The communication system 220 may include an arrangement of hardware and software that enable the SCPS 200 to communicate over a communication link 105 with a base station 120 or another SCPS 200. For example, the communication system 220 may obtain readings from the energy sensor 202 or the cryogenic system 206 and provide them to a base station 120 or another SCPS 200, as discussed above. The communications system 220 may also receive from a base station 120 requests to open or close the routing switch 204 to permit or prevent the flow of energy through the energy conduit 101.

Energy drawn from the energy conduit 101 may be used to power the components of the SCPS 200 discussed above, such as the energy sensor 202, the routing switch 204, the cryogenic system 206, the valves 218, and the communications system 220. Transformers may be provided with the SCPS 200 to step down the high voltage direct current in the energy conduit 101 to a level usable by the energy sensor 202, the routing switch 204, the cryogenic system 206, the valves 218, and the communications system 220. One or more inverters may also be provided with the SCPS 200 to invert the high-voltage direct current into alternating current, which alternating current may be used to power the energy sensor 202, the routing switch 204, the cryogenic system 206, the valves 218, and the communications system 220 as well.

With reference now to FIG. 7A and FIG. 7B, in which like reference numerals reflect generally like elements, two example energy storage facilities 110A and 110B that include a caldera 111 are shown. These energy storage facilities 110A and 110B may be disposed near a body of water.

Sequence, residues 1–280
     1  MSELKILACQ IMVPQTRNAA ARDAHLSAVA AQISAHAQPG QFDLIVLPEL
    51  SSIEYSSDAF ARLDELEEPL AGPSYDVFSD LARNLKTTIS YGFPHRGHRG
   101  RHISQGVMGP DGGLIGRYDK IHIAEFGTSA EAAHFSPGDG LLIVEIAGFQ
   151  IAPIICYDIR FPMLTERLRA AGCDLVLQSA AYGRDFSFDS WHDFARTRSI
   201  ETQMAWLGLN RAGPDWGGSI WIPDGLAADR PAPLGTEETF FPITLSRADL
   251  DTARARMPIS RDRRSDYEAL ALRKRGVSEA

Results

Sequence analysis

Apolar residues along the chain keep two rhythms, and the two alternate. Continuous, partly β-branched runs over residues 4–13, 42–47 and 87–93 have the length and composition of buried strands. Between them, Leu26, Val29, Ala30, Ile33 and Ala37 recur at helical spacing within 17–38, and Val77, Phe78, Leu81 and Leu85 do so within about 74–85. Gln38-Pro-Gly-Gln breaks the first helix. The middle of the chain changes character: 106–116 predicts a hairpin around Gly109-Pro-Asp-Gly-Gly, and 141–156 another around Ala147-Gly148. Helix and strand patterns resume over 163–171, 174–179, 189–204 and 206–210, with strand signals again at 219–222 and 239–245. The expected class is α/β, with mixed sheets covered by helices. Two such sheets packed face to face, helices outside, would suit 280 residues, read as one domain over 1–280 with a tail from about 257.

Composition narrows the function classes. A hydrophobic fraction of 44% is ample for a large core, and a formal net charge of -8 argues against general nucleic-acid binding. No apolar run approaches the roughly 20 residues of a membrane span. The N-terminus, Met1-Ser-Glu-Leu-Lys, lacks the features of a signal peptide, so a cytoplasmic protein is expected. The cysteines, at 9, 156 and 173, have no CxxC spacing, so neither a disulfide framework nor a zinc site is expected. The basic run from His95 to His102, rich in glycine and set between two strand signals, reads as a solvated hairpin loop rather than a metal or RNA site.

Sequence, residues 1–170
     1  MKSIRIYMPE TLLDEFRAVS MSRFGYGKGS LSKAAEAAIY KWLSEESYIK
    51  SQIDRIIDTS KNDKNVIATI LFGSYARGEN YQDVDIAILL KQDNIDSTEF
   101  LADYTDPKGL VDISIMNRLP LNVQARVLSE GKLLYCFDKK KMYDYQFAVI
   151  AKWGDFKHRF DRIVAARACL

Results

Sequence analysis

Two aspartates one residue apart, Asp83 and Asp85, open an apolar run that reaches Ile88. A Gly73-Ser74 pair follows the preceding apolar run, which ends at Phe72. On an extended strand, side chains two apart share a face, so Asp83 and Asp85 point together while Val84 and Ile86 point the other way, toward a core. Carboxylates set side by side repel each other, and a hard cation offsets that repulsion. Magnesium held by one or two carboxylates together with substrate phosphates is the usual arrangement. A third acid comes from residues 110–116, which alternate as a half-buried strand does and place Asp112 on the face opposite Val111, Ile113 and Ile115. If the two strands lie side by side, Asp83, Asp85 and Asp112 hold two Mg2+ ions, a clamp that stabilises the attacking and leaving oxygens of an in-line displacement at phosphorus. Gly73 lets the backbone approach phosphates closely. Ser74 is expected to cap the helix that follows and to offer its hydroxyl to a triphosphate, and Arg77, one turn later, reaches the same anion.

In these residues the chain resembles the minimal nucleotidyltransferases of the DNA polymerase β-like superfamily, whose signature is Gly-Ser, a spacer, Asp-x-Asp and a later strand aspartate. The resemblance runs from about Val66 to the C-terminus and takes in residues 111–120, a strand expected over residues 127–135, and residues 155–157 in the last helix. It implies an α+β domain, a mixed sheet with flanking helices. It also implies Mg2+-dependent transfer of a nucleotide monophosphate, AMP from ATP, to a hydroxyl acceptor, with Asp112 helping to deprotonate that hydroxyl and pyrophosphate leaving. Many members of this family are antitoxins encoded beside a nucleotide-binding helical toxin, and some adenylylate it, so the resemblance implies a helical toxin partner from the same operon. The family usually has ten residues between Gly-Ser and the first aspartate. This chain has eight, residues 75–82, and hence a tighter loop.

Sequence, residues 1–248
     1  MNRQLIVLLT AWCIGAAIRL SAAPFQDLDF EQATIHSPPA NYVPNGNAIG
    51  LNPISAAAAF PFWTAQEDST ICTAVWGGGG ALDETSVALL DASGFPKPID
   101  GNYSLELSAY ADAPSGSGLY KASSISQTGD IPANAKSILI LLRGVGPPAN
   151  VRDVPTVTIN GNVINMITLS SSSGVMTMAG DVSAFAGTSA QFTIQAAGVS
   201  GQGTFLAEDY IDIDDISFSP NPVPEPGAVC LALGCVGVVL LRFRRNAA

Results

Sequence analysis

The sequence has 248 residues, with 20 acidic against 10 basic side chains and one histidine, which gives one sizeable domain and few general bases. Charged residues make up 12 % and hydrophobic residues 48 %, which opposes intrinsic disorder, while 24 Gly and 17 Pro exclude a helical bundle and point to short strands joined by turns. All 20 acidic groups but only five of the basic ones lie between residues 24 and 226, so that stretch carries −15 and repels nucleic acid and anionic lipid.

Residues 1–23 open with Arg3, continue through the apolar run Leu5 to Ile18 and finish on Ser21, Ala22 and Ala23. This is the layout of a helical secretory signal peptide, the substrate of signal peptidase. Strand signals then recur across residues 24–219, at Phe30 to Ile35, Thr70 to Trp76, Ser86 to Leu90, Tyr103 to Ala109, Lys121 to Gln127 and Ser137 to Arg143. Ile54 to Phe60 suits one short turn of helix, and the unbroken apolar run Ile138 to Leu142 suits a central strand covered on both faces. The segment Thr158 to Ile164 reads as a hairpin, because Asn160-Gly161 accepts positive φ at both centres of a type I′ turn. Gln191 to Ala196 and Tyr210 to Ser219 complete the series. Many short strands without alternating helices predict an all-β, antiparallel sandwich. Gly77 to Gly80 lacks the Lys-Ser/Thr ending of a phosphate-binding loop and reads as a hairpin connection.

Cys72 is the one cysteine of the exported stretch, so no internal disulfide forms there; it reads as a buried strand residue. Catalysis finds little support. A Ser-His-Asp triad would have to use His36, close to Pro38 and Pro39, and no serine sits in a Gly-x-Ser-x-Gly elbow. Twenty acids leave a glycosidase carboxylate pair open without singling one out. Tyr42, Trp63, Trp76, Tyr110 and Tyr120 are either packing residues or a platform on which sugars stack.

With specific reference now to FIG. 7A, the energy storage facility 110A may include a caldera 111; a reservoir 112 disposed at a relatively high location in the caldera 111; a conduit 114 that includes an exterior port 113 and a reservoir port 115, which conduit 114 provides fluid communication between a body of water and the reservoir 112; a floating powerhouse 116; one or more mooring cables 117A and mooring anchors 117B, which mooring anchors 117B may be embedded in the seafloor; and a turbine 119 disposed at least partially in the conduit 114.

The powerhouse 116 may include a pump that can pump water from the exterior port 113, up the conduit 114, and into the reservoir 112 via the reservoir port 115. To power this pump, the powerhouse 116 may receive electricity from the energy conduit 101. In some embodiments, the powerhouse 116 only receives energy from the energy conduit 101 when the energy production capacity of the network 100 exceeds global demand for energy, as is the case for FIG. 1D shown above. Water may be pumped substantially while the powerhouse 116 is receiving energy.

The powerhouse 116 may also include some or all of the elements of a base station 120, such as a network interface 128; energy management module 130; and energy prediction module 132, such that the powerhouse 116 may communicate with one or more base stations 120 or SCPS's 200 and receive information about energy demand and needs.